Archives for May 2017

The women: Who can actually win the women’s RG trophy?

NOTE: Before we printed here, we decided to hold off until Sunday night, assuming most of them top players will win anyway. Some did not. The No. 1 Angie Kerber lost, as did Roberta Vinci. Within seconds, everything change. 

1st quarter
How about Petra Kvitova? She has won two Slams, but at the end of last year, two crazy people came into her house, attacked her and ran way. It has taken a long time to recover, but now she is back because she just wants to play tennis. Even if her body isn’t healthy, at least she can walk on the court and hit the heck out of the ball. That makes her happy.

On Sunday here, she took out Julia Boserup in straight sets. And she cried again — happy. 

Can she win it? I doubt it, although a few years ago, she reached the semis at RG But, she is so enthusiastic that she could reach the second week. And then?

Caro Wozniacki has never liked clay over the past decade. At RG, the former No. 1 can get extremely upset when she cannot hit the lines and slide all over the place. She could reach the third round, but then she will likely have to play against Kiki Bertens, who just won Nuremberg. The Netherlander will out-run the frustrated Wozniacki. 

Sam Stosur also just won a small tournament at Strasbourg, beating another Aussie, Daria Gavrilova, in three tight sets. Stosur has reached the final at RG before, and the veteran believes that she can dominate with her heavy forehand. She might have to play against Kvitova in the third round. They know each other well and without a doubt, it should be a classic. 
The No. 8 Sveta Kuznetova has won RG before and even though she is up and down, she knows how to grind her opponents down. If she reaches the second week, watch out. 

Second quarter
The defending champion Garbiñe Muguruza can be destructive on clay. But, in the past year, she has been upset much too often, gets hurt all the time and doesn’t understand why she isn’t perfect. That’s why she hasn’t won a tournament since then. Will she get on a roll? Well, at least she reached the semis at Rome, beating Venus Williams in the quarters. Against Elina Svitolina, she retired, hurt, believe it or not. Can she rise in rebellion? Perhaps, but she has to stop thinking that her legs will fail her. 

Kristina Mladenovic has advanced this year, but the Frenchwoman has to deal with RG, which is difficult because the entire world will be watching her. She is a tremendous hitter, and she is quicker than she used to be, but on court on Paris, you have to lock it in and don’t listen to the crowds who are yelling for you. If she does, she can actually reach the semis — or even the final. And then … exactly what?

The super veteran Venus Williams has never won Roland Garros, but she has come close, and this time, while she is aging, she is very smart. However, she is a little slow now; so the only way she can go super deep is going to the net once in a while and attack at the net. She won her first round on Sunday, and she might have to face a true grinder in Daria Gavrilova in the third round. She might also have to face Dominika Cibulkova in the fourth round, assuming the Slovak gets her game back on track.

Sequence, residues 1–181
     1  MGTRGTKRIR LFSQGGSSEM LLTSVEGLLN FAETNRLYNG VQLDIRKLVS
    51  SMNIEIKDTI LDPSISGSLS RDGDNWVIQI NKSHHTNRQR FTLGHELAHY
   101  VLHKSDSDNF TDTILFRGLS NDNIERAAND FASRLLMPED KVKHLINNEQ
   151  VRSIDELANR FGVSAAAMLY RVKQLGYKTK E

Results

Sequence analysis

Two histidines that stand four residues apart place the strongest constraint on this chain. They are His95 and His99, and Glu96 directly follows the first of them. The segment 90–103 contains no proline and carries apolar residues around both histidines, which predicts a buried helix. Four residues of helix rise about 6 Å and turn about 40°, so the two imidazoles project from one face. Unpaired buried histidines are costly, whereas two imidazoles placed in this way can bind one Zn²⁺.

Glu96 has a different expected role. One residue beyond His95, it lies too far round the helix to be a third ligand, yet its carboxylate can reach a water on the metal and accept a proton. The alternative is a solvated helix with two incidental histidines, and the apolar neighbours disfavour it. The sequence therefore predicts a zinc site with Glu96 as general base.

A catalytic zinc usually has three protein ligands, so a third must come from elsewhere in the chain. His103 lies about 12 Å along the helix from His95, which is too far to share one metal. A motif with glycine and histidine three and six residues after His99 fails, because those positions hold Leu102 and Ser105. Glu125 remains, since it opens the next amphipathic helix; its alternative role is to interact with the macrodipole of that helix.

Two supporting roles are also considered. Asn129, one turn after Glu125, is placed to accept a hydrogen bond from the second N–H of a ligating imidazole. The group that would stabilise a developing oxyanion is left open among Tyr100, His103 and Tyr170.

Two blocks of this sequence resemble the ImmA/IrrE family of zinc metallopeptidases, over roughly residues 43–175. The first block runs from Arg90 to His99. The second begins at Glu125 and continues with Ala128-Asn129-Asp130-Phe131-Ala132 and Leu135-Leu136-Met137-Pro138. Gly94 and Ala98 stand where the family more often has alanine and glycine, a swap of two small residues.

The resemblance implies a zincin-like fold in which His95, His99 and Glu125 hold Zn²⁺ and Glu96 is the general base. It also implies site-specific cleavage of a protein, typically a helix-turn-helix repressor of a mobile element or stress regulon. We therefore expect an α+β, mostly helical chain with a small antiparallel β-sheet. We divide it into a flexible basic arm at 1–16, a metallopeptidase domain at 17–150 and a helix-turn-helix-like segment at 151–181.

Third quarter
After winning Rome, Svitolina now she has a real chance to go far at RG. The No. 5 has never gone deep at the Grand Slams, but it is time. There will be pressure, but she has the tools. She might have to face the tough Croatian Ana Konjuh in the third round, and maybe Madison Keys in the fourth … if the struggling American manages to best No. 17 Ana Sevastova. Tossup.

After Simona Halep won Madrid, it looked like the Romanian was ready to roll. Then she reached the final at Rome, and ka-boom, she got hurt, pretty seriously, and now it’s impossible to tell whether she will retire this week. So, if Halep gets better quickly, then she could actually win it all. But, if she can’t, she could lose in the third round, against another young player, the Russian Daria Kasatkina.    

Fourth quarter
I have always thought that Karolina Pliskova is going to win a major. The Czech just crushes the ball on her forehand and her backhand, plus her first serve is gigantic. But she is so up and down, and on clay, the No. 3 slips a lot and she can’t recover. Without a doubt, though, she is smarter and faster that she used to be.
There is only one other player in this quarter who has played on very well clay this year: not Aga Radwanska, not CoCo Vandeweghe, not Lauren Davis, not Johanna Konta and not Carolina Garcia.

It’s Anastasia Pavlyuchenkova who has played much better than last year. She won Monterrey over Garcia and Kerber; and then, she won Rabat. She lost two three-setters early in Madrid and Rome, but once she gets there, the 25-year-old will push as hard as she can. The Russian isn’t fast, but she can find the lines with her forehand and backhands. She could actually reach the semis. Imagine that.